• Reallocating funds at the local, state, and federal levels, from policing and incarcerating Black people to safety strategies like employment programs, restorative justice services, and education.
  • Retroactively decriminalizing, releasing, and expunging records of individuals with prostitution and drug-related offenses and channeling the resulting revenue and savings into programs designed to support people who have been affected by the drug and sex trade.

4. Economic Justice

The BLM movement demands economic justice that focuses on the reconstruction of the economy, to ensure that the African-American community is not only granted access but also has collective ownership of wealth and resources.

Some of the notable issues the movement actively pushes for include:

  • Authorization “On-Demand Economy” workers working in both the private and public sectors to organize.
  • Democratic control over how the available resources are used, distributed, and preserved to ensure that it is done is a way that honors and respects the rights of the Black indigenous community.
  • The development of social and/or cooperative networks through government-directed resources – like loans and tax incentives – to facilitate trade both in Black communities and at a global level.
  • The establishment of state and federal job programs specifically targeted at the marginalized members of the Black community. The job programs should provide not only adequate support for the local workers, Black-owned enterprises, and unions but also offer a living wage.
  • The sustainable and radical redistribution of wealth through the progressive restructuring of tax codes at federal, state, and local levels.

5. Community Control

The BLM movement demands more control in the formulation of the policies, laws, and institutions that affect the Black community. It calls for a seat at the table when it comes to issues affecting the local schools, economies, budgets, land, and police department to ensure that the rights and history of the Black community are respected.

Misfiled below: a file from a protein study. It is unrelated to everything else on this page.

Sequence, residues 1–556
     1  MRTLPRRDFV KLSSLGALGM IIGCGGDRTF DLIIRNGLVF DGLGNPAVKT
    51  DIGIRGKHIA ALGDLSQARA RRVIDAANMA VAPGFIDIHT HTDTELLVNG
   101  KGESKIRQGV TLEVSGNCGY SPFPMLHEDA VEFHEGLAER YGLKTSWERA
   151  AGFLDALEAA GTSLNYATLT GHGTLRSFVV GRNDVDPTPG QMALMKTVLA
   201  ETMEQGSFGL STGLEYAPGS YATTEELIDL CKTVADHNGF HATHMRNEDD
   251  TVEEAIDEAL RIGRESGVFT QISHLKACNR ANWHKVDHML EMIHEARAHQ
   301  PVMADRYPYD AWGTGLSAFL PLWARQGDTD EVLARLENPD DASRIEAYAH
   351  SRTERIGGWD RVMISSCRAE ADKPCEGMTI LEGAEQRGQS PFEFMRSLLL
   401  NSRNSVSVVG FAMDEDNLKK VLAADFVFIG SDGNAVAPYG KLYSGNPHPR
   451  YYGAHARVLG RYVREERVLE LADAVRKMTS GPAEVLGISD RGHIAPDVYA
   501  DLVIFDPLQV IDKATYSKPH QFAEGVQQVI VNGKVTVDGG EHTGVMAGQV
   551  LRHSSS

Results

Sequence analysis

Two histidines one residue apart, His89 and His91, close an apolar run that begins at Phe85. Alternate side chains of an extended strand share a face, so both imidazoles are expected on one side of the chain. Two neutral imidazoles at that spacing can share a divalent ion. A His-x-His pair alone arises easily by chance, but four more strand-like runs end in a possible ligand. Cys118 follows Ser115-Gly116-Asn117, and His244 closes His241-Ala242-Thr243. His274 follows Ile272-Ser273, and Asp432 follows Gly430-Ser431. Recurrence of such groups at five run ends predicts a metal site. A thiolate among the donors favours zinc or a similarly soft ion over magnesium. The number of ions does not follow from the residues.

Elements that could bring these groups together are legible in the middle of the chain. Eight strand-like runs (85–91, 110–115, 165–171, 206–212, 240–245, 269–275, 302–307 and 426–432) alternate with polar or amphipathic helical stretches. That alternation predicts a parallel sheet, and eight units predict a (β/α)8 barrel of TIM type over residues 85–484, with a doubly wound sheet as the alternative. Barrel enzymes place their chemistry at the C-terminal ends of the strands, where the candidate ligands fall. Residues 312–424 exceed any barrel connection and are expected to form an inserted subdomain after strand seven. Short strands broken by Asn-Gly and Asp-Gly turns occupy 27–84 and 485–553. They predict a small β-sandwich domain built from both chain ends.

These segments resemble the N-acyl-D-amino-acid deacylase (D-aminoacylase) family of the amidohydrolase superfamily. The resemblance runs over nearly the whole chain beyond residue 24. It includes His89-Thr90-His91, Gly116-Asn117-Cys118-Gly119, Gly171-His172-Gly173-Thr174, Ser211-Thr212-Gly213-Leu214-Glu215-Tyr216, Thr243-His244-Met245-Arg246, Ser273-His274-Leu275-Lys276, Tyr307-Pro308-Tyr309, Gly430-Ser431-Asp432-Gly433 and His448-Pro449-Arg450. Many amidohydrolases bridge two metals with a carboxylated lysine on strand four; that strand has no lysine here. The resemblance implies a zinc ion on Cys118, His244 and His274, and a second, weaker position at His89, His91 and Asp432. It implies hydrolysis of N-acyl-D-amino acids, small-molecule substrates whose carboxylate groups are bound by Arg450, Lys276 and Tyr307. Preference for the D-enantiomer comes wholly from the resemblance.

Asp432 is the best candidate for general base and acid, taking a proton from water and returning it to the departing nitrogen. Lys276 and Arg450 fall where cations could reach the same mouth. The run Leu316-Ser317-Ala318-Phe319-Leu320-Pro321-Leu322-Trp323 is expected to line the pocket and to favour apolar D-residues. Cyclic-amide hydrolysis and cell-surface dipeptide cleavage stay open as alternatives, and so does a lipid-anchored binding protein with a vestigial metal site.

Some of the notable demands include:

  • Community control of federal, state, and local law enforcement agencies. This is to ensure that the communities most affected by racially-motivated destructive policing are given the authority to hire and fire the offending officers, determine the disciplinary action that should be taken against them, control policies and budgets, and subpoena the relevant agency information should the need arise.
  • Direct participatory budgeting at the federal, state, and local levels.
  • Ending the privatization of education, and giving the real power to the students, parents, and school community members, to have more of a say over the discipline policies, hiring and firing of school leadership, and community control over the curriculum.

6. Political Power

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Last but not least, the movement further calls for a total transformation of the existing US political system to pave the way for the creation of a true democracy that allows the Black community and marginalized populations to exercise their full political power.

It would involve taking the following measures.

  • Ending “money controlling” politics through unchecked corporate donations to allow for public financing of elections.
  • Full representation for every individual, universal access to the internet, and net neutrality.
  • Releasing all Black political prisoners and ending the repression of political parties and criminalization of what has historically been viewed as Black political activity.